When developing an ML service usually the first step is to create a Notebook instance using the AWS console. As shown in the screenshot it is possible to choose the name of the instance, the IAM role it will use and decide whether to put the instance in our VPC (in this case it is also possible to choose the security group and the subnet).create a notebook instancesEven if we chose not to put the instance in our VPC,  the Jupiter notebook can only be reached using a pre-assigned URL generated from our AWS credentials. Once we click on open Jupiter we are presented with a standard Jupyter interface:jupiter notebookAWS provides a series of examples in order to help data scientists grow confident with SageMaker which can be found in the SageMaker Examples tab. In this article, we will follow the Image classification example using the Caltech 256 Dataset. In order to start, we can just click on Use Image-classification-fulltraining.ipynbUse Image-classification-fulltraining.ipynbA normal Jupiter notebook is shown and we can follow the provided instructions. jupiter notebook instructionsFirst of all, you need to create an S3 bucket and we should check that the role we assigned to the Notebook instance has the permission to read and write in that bucket. Running the template you'll then download the Caltech 256 dataset and prepare the training job of the image classification algorithm. The algorithm used in this example is the AWS Image Classification Algorithm which uses a convolutional neural network (ResNet). AWS provides a wide array of general algorithms already optimized for SageMaker (see AWS docs) however, it is also possible to deploy a custom model to be trained and packaged in a docker container.It is important to understand how to split the dataset into two parts: the first one for training and the second for the validation step. In this example each image class (ball, bathtub, Mars, riffle, etc) is divided into two sets: 60 images for training and the rest for validation.Before starting the training it is essential to choose sensible Hyperparameters: a wrong choice will result in non-performing algorithms. The choice of these parameters is often a trial and error process and for this particular application, the most relevant parameters are the learning rate and the epochs number.The learning rate is the length of the steepest descent algorithm vector: too high and you will overshoot the optimum, too low and the training will take forever. The epochs number is how many time the training dataset is passed forward and backward through the neural network: an epoch number which is too low will result in an underfitting of the data but also in a low training time while a too high epoch will result in an overfitting of data and very long training time. Both overfitting and underfitting are better to be avoided because the trained model will perform badly on validation data.For example, using the default values provided by AWS in this example the training time is very low (just a few minutes) but the model will classify every image with something reddish and vaguely round in it as... Mars! (Not so precise :))Once the training is complete it is time to deploy and test the trained model. First of all, we can create the model using the training result:
model_name="DEMO-full-image-classification-model" + time.strftime('-%Y-%m-%d-%H-%M-%S', time.gmtime())
info = sage.describe_training_job(TrainingJobName=job_name)
model_data = info['ModelArtifacts']['S3ModelArtifacts']

hosting_image = get_image_uri(boto3.Session().region_name, 'image-classification')

primary_container = {
    'Image': hosting_image,
    'ModelDataUrl': model_data,

create_model_response = sage.create_model(
    ModelName = model_name,
    ExecutionRoleArn = role,
    PrimaryContainer = primary_container)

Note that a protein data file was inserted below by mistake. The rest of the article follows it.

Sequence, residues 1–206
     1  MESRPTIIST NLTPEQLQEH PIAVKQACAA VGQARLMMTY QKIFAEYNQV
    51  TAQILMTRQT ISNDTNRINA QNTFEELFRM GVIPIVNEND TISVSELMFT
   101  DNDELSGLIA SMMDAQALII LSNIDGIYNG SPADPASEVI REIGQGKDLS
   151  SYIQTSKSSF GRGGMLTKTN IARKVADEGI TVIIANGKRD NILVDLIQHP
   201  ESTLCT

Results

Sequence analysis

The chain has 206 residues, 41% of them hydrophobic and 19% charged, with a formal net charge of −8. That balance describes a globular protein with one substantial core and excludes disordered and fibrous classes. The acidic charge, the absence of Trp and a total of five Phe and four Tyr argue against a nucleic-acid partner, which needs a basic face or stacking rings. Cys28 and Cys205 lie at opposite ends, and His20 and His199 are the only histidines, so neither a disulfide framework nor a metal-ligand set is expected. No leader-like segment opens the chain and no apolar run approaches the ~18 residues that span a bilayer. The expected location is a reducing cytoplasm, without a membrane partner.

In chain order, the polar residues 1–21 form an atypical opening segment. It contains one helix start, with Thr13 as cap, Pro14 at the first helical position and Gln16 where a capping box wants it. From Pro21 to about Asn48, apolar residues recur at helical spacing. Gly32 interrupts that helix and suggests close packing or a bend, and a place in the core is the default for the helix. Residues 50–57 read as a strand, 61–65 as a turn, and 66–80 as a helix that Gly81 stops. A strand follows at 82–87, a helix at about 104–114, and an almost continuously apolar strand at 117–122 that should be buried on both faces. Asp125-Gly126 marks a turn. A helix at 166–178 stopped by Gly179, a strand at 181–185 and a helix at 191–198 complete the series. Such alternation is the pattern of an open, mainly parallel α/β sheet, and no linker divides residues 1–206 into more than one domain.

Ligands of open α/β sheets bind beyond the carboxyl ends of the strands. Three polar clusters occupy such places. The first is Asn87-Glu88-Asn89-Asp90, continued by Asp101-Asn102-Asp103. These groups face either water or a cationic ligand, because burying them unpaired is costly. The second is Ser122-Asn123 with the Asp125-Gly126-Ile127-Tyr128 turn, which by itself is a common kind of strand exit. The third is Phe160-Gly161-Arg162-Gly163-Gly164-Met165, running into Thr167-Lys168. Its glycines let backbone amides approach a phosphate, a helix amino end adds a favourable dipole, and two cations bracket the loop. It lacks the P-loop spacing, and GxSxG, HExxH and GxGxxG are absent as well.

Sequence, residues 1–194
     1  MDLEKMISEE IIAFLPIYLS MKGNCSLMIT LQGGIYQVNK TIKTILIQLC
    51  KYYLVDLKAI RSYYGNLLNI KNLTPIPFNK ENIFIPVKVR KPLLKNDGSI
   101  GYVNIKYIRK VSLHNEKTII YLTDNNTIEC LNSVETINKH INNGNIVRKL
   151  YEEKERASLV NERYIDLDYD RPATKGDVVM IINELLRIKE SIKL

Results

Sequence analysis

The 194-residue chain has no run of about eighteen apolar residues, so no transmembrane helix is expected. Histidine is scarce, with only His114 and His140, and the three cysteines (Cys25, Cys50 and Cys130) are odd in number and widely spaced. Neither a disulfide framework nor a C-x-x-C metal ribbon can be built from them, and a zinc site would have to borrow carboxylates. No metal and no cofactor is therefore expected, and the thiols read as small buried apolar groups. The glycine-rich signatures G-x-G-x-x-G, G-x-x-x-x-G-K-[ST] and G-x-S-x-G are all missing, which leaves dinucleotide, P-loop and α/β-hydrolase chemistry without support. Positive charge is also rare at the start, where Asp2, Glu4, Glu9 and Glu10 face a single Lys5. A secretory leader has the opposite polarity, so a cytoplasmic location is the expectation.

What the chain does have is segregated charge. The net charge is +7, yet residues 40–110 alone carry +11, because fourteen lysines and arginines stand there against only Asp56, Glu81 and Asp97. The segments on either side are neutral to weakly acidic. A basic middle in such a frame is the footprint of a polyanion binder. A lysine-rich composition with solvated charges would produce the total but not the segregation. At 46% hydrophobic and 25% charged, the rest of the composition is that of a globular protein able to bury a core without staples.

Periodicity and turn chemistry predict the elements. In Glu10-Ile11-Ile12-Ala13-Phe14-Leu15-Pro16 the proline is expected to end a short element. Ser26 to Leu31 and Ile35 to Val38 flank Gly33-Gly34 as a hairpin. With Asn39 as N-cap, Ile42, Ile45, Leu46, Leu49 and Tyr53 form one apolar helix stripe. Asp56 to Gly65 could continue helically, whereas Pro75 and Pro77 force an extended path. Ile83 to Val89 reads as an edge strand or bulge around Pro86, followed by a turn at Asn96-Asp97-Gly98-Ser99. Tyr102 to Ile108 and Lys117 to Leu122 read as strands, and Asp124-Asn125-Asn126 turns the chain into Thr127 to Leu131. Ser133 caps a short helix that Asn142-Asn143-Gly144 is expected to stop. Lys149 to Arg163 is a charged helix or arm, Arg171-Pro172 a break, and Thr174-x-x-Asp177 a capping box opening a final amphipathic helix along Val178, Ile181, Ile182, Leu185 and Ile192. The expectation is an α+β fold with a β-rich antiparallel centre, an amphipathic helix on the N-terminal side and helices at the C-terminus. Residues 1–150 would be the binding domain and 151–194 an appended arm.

After this, it is time to choose a part of the dataset to be used for the testing: in this example, bathtubs were chosen:
batch_input = 's3://{}/image-classification-full-training/test/'.format(bucket)
test_images = '/tmp/images/008.bathtub'

!aws s3 cp $test_images $batch_input --recursive --quiet
Now we can create a batch job to feed all the test images to the model to be classified.
timestamp = time.strftime('-%Y-%m-%d-%H-%M-%S', time.gmtime())
batch_job_name = "image-classification-model" + timestamp
request = \
    "TransformJobName": batch_job_name,
    "ModelName": model_name,
    "MaxConcurrentTransforms": 16,
    "MaxPayloadInMB": 6,
    "BatchStrategy": "SingleRecord",
    "TransformOutput": {
        "S3OutputPath": 's3://{}/{}/output'.format(bucket, batch_job_name)
    "TransformInput": {
        "DataSource": {
            "S3DataSource": {
                "S3DataType": "S3Prefix",
                "S3Uri": batch_input
        "ContentType": "application/x-image",
        "SplitType": "None",
        "CompressionType": "None"
    "TransformResources": {
            "InstanceType": "ml.p2.xlarge",
            "InstanceCount": 1

sagemaker = boto3.client('sagemaker')

print("Created Transform job with name: ", batch_job_name)

    response = sagemaker.describe_transform_job(TransformJobName=batch_job_name)
    status = response['TransformJobStatus']
    if status == 'Completed':
        print("Transform job ended with status: " + status)
    if status == 'Failed':
        message = response['FailureReason']
        print('Transform failed with the following error: {}'.format(message))
        raise Exception('Transform job failed') 
Creating a batch job will start an EC2 of the chosen type to classify the images. Once the process is finished we can check the results: if only two epochs were used while training very few images will be classified correctly.However, if we are satisfied with the result we can create an endpoint and thus deploy the model:
from time import gmtime, strftime
job_name_prefix = "test"

timestamp = time.strftime('-%Y-%m-%d-%H-%M-%S', time.gmtime())
endpoint_config_name = job_name_prefix + '-epc-' + timestamp
endpoint_config_response = sage.create_endpoint_config(
    EndpointConfigName = endpoint_config_name,

timestamp = time.strftime('-%Y-%m-%d-%H-%M-%S', time.gmtime())
endpoint_name = job_name_prefix + '-ep-' + timestamp
print('Endpoint name: {}'.format(endpoint_name))

endpoint_params = {
    'EndpointName': endpoint_name,
    'EndpointConfigName': endpoint_config_name,
endpoint_response = sagemaker.create_endpoint(**endpoint_params)
Once the endpoint is created successfully we can send images to it through HTTP using the aws SDKs, for example using python boto3.The command is:
where the
is the image.This endpoint can thus be used both by an application deployed on AWS (e.g. Lambda functions, docker Microservices running on Fargate, applications deployed on EC2s) and also by applications running on-premise or even directly by clients.To conclude we presented a brief review of AWS Machine Learning services and in particular, we focused on how to deploy a simple ML application using SageMaker. If you are interested in this topic or have any questions contact us!
Matteo Moroni
DevOps and Solution Architect at beSharp, I deal with developing Saas, Data Analysis, and HPC solutions, and with the design of unconventional architectures with different complexity. Passionate about computer science and physics, I have always worked in the first and I have a PhD in the second. Talking about anything technical and nerdy makes me happy!
Simone Merlini
CEO and co-founder of beSharp, Cloud Ninja and early adopter of any type of * aaS solution. I divide myself between the PC keyboard and the one with black and white keys; I specialize in deploying gargantuan dinners and testing vintage bottles.